Let me offer you a thinly-veiled comparison between two pitchers.
Pitcher A: 55 G, 55.2 IP, 1.78 ERA, 41 H, 9 BB, 61 K, .199/.233/.316
Pitcher B: 31 G, 39.1 IP, 1.14 ERA, 22 H, 10 BB, 48 K, .162/.218/.204
Bite your tongue if you picked Pitcher B over Pitcher A. Don’t tell Yankee fans that, in this admittedly tiny sample size, Phil Hughes‘ numbers look, if not a little bit better than Mariano Rivera‘s, just as good as Mo’s. Just don’t.
News broke after the game last night that the Sandman is out with a sore left groin. While I’m holding my breath, Rivera isn’t too concerned. “That’s good, because it’s not my pushing leg,” Rivera said of his left leg. “You don’t want to have that kind of injury, especially in your legs, but it’s nothing we’re worried about. We will take care of it and work at it. Everything will be fine.”
The Yankees, enjoying their 7.5-game lead over Boston, plan to take it slow with Mo. We saw a glimpse of that strategy last night. With the Yanks holding to a two-run lead, Joe Girardi altered the pattern. Brian Bruney pitched some of the 8th, and the Phils joined him. Mr. Hughes stayed in for the final three outs of a blow out, and due to the intricacies of baseball’s rule book, he walked away with his second save of the season. It probably won’t be his last.
According to Girardi and Rivera, Mo first felt the pain in his leg while the Yanks were visiting Seattle a few weeks ago, but it had subsided. It came back on Tuesday night after Rivera appeared in his second straight game. It seems as though every year, Rivera goes through a slight malady. This one is a little late in the season for my tastes, but the Yanks are downplaying the injury. “I don’t even know if I would call it a strain,” Girardi said. “So you just kind of give him a few days and see if he can get rid of it. We’ll get it right, get him healthy and make sure it’s 100 percent.”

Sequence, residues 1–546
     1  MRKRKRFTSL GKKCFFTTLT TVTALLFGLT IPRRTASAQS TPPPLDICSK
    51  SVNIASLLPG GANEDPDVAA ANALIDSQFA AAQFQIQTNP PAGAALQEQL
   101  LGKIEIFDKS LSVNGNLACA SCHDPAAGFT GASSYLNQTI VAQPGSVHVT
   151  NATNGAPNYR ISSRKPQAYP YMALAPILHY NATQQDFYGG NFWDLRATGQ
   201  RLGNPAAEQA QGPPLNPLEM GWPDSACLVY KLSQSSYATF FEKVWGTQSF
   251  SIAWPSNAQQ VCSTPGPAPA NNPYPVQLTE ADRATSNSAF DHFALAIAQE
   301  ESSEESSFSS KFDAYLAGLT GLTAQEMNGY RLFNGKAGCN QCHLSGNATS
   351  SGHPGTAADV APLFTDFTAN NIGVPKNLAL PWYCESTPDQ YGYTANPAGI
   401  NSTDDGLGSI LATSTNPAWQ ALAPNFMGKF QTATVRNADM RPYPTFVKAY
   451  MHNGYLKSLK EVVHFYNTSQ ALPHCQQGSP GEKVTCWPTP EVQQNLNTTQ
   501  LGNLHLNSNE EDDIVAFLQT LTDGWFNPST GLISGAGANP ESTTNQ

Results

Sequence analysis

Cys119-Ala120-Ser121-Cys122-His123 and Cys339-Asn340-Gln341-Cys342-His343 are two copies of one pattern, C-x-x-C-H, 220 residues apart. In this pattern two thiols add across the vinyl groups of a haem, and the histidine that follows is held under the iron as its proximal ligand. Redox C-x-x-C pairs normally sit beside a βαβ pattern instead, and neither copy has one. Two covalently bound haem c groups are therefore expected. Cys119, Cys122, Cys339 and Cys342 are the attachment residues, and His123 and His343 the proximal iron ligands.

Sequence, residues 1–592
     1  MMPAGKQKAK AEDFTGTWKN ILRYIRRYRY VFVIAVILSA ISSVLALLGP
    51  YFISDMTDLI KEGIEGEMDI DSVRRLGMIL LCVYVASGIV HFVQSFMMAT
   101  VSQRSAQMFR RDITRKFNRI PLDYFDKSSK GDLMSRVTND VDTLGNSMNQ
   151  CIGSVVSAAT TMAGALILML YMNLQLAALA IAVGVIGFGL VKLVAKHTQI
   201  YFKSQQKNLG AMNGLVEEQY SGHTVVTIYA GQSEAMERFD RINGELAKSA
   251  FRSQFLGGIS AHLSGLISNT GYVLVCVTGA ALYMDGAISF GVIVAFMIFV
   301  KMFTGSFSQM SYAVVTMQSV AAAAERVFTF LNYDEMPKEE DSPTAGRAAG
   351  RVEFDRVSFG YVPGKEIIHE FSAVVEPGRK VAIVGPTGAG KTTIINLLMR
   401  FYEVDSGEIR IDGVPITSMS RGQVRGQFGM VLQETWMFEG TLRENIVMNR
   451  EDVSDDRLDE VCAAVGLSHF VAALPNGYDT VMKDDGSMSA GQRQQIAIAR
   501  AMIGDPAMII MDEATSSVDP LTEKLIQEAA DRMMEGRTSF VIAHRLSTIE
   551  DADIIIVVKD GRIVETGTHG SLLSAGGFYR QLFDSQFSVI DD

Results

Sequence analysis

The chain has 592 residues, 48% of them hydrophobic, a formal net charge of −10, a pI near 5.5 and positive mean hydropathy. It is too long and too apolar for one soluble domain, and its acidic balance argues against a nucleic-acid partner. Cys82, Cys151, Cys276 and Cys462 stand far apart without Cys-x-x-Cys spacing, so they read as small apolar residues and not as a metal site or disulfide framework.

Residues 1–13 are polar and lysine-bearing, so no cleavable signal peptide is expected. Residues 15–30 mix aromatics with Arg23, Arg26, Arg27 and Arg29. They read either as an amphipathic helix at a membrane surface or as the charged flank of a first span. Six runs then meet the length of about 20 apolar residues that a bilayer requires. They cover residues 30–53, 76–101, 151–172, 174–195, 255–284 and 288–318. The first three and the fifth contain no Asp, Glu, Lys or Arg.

For the weekend as the Yanks head to Toronto, Rivera won’t pitch. “It’s a concern for you to run him out there,” Girardi said. “We don’t want to hurt him. We’ll probably give him a few days off and see if we can nip it.”
In his stead, then, the Yanks’ closer will be Phil Hughes. And you know what? I have no problem with that. As Hughes’ numbers show, he has been more than up for the task this year out of the pen. He has allowed one double, one triple and one home run while giving up 18 singles in 31 innings. His strike-out numbers are off the charts, and while he can’t quite match Mariano in the control department, that 4.80 K/BB ratio is right in line with Mo’s 2005 season.
So now, the Yankees will use the luxury of the lead to their advantage. The expanded rosters provide them with added bullpen depth, and the emergence of Phil Hughes as a force gives them, in effect, a second closer. He hasn’t wilted under pressure and wants the ball every day. Phil might run into a hiccup at some point this season, but after watching him mow down the Orioles in the 9th last night, I can sleep easy with the game in his hands.
Still, get well really soon, Mo. I want a seven-inning game come October.